....
}

PVS-Studio's diagnostic message: V501 There are identical sub-expressions to the left and to the right of the '!=' operator: t2.height() != t2.height() qtest_gui.h 101

The function to compare two images is incorrectly comparing their heights. Or rather, it doesn't compare them at all.

This bug was multiplied through the Copy-Paste method. The same comparison can be found a bit farther in the code in the same file (line 135).

Typo No.5

I apologize for the ugly code formatting - the lines were too lengthy.

void QXmlSimpleReader::setFeature(
  const QString& name, bool enable)
{
  ....
  } else if (   name == QLatin1String(
    "http://trolltech.com/xml/features/report-start-end-entity")
             || name == QLatin1String(
    "http://trolltech.com/xml/features/report-start-end-entity"))
  {
  ....
}

PVS-Studio's diagnostic message: V501 There are identical sub-expressions to the left and to the right of the '||' operator. qxml.cpp 3249

The 'name' variable is compared to one and the same string twice. A bit earlier in the code, a similar comparison can be found where a variable is compared with the following two strings:

  • http://trolltech.com/xml/features/report-whitespace-only-CharData
  • http://qt-project.org/xml/features/report-whitespace-only-CharData

By analogy, you can conclude that the 'name' variable in the fragment we are discussing should have been compared with the following strings:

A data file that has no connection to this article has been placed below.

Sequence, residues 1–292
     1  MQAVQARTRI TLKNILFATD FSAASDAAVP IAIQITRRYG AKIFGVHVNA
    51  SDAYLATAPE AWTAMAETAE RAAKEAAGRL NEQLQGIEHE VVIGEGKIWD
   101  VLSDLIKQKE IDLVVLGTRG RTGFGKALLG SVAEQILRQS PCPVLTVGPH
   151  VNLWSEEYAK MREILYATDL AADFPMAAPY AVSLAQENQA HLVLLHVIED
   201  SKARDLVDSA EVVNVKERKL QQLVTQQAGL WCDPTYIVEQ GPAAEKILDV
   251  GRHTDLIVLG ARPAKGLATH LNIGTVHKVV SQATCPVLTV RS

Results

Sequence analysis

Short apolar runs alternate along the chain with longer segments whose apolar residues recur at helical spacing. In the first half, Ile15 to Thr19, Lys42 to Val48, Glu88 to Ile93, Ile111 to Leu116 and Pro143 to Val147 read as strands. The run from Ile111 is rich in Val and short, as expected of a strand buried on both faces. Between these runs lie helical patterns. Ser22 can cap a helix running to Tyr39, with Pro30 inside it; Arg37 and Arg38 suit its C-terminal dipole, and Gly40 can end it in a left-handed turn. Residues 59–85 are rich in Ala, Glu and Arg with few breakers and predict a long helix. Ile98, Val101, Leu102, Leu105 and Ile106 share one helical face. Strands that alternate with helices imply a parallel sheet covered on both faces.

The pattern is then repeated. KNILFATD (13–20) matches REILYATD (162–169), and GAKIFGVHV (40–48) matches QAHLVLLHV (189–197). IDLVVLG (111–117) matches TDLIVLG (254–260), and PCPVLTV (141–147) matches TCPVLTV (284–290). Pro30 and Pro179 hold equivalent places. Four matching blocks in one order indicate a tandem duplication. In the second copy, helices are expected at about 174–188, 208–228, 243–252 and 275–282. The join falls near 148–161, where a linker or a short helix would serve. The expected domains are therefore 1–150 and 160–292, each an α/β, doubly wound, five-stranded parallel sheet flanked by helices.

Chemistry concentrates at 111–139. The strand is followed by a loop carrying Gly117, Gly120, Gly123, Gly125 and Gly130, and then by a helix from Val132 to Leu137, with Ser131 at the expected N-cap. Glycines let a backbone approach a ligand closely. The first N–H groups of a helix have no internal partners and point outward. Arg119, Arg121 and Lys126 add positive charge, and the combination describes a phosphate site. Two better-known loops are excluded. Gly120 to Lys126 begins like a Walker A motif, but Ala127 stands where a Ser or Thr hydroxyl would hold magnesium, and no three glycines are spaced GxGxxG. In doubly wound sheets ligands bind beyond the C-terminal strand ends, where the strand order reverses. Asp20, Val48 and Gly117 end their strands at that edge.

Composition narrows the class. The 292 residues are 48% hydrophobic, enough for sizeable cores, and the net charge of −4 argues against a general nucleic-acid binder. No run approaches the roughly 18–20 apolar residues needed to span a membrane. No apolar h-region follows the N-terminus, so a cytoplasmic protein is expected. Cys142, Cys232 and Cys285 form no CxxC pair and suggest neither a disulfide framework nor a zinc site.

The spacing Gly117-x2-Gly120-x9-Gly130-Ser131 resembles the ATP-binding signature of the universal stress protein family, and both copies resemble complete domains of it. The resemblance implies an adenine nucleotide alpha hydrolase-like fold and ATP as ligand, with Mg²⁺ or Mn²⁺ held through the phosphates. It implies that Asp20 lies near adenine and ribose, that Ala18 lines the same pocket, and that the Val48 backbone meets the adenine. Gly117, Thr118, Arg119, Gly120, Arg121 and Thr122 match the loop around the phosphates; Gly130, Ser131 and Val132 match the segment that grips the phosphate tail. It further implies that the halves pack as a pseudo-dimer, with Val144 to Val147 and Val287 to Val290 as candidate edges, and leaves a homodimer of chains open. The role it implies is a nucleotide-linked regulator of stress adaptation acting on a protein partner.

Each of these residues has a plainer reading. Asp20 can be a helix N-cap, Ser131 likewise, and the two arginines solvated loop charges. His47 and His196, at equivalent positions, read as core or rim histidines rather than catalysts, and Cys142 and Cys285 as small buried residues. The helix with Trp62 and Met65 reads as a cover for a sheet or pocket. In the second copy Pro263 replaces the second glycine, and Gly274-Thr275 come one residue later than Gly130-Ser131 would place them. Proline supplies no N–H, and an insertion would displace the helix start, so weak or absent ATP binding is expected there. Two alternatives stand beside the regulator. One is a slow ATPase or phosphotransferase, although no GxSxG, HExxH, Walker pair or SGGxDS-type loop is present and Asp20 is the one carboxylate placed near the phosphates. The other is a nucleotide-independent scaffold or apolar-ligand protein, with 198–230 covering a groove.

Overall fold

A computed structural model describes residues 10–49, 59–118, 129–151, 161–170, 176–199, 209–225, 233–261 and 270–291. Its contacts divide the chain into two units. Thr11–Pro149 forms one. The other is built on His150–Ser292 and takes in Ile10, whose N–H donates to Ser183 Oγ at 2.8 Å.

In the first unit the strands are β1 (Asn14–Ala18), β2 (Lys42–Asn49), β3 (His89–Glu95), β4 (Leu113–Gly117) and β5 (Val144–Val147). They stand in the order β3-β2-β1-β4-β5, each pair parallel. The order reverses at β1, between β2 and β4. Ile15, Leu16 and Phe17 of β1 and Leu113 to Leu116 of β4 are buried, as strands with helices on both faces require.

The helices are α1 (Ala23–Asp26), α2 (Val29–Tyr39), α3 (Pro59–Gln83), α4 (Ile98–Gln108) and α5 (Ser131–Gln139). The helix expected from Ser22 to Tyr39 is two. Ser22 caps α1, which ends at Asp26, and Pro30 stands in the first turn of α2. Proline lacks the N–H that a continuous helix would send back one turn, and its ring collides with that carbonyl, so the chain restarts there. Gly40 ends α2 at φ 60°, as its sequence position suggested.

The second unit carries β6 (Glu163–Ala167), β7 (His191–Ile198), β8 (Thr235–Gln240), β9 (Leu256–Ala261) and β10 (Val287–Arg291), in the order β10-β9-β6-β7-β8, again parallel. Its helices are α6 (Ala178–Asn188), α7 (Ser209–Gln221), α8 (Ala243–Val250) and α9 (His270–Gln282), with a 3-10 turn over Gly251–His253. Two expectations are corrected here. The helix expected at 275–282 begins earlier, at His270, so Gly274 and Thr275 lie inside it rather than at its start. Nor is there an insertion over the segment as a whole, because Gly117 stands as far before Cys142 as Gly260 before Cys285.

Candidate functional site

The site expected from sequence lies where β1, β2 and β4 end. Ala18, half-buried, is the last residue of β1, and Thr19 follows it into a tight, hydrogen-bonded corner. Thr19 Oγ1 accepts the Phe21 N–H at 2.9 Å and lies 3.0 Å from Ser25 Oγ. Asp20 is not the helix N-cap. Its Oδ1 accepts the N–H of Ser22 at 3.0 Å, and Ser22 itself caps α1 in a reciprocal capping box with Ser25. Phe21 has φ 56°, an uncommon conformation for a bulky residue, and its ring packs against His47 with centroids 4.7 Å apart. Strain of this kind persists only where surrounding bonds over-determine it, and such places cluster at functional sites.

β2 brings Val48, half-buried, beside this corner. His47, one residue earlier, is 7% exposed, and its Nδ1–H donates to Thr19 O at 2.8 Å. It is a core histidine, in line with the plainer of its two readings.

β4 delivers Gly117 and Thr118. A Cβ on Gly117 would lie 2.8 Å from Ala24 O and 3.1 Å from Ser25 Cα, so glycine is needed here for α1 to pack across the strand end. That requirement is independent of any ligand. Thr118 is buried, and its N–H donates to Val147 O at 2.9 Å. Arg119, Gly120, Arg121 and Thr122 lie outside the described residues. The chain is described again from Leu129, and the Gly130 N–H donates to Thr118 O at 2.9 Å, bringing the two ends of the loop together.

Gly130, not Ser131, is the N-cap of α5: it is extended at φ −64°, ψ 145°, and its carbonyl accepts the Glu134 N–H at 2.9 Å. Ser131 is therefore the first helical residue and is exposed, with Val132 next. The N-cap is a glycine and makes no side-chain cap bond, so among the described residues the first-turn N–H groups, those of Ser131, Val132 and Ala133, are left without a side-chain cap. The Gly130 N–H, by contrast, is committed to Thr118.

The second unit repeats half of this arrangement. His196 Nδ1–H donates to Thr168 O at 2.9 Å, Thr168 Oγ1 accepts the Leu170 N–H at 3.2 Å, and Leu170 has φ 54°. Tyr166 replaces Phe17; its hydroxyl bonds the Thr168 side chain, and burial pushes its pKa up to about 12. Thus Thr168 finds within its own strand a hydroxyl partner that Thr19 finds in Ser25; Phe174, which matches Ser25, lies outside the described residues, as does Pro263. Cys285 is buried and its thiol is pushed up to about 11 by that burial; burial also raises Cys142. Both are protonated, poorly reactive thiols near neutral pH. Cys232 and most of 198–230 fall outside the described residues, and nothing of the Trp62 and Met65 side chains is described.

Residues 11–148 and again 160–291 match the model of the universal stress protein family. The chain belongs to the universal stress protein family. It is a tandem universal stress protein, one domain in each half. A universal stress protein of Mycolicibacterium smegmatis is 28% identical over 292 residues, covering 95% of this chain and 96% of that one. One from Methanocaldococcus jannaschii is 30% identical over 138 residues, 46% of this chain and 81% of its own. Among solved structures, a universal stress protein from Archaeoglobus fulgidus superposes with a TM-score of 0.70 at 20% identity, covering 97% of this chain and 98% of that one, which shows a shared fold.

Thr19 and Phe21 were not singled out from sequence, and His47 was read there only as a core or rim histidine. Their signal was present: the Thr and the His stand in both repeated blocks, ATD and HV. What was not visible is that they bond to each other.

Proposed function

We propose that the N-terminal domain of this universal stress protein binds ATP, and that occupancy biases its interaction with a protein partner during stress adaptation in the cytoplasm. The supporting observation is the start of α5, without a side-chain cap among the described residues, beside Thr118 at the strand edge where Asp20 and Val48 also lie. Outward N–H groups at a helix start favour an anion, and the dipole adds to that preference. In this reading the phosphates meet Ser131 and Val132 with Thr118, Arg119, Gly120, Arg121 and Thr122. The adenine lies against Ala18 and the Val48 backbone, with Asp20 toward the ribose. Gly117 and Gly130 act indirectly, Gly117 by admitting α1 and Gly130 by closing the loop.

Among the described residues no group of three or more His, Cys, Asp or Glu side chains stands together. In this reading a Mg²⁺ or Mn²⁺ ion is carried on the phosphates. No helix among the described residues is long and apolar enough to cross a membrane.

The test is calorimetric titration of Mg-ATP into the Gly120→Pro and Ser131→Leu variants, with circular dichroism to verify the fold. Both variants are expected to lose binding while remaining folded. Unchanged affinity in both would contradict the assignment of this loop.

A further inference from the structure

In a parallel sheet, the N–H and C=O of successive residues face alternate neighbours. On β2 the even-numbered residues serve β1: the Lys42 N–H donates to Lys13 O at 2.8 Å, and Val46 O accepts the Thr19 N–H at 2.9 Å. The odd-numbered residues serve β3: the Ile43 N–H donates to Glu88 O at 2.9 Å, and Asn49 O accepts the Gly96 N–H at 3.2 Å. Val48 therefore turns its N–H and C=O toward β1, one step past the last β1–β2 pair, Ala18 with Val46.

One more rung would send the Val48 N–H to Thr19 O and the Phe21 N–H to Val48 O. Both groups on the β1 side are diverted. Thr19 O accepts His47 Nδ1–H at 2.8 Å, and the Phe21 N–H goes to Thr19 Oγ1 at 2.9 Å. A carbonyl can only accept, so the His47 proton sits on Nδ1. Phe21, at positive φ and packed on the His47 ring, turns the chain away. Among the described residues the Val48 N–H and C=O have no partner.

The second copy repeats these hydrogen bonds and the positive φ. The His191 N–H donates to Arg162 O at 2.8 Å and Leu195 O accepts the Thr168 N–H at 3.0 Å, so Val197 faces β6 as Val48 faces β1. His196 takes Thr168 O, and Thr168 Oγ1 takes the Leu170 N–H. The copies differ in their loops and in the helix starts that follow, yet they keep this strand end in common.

• http://trolltech.com/xml/features/report-start-end-entity
  • http://qt-project.org/xml/features/report-start-end-entity

Typos No.6, No.7, No.8, No.9

QString DayTimeDuration::stringValue() const
{
  ....
  if(!m_hours && !m_minutes && !m_seconds && !m_seconds)
  ....
}

PVS-Studio's diagnostic message: V501 There are identical sub-expressions '!m_seconds' to the left and to the right of the '&&' operator. qdaytimeduration.cpp 148

The programmer forgot about milliseconds. Milliseconds are stored in the 'm_mseconds' variable. The check should look like this:

if(!m_hours && !m_minutes && !m_seconds && !m_mseconds)

There are similar mistakes with milliseconds in three other fragments:

  • qdaytimeduration.cpp 170
  • qduration.cpp 167
  • qduration.cpp 189

Typo No.10

QV4::ReturnedValue
QQuickJSContext2DPrototype::method_getImageData(
  QV4::CallContext *ctx)
{
  ....
  qreal x = ctx->callData->args[0].toNumber();
  qreal y = ctx->callData->args[1].toNumber();
  qreal w = ctx->callData->args[2].toNumber();
  qreal h = ctx->callData->args[3].toNumber();
  if (!qIsFinite(x) || !qIsFinite(y) ||
      !qIsFinite(w) || !qIsFinite(w))
  ....
}

PVS-Studio's diagnostic message: V501 There are identical sub-expressions '!qIsFinite(w)' to the left and to the right of the '||' operator. qquickcontext2d.cpp 3305

A check of the 'h' variable is missing. The 'w' variable is checked twice instead.

Typo No.11

AtomicComparator::ComparisonResult
IntegerComparator::compare(const Item &o1,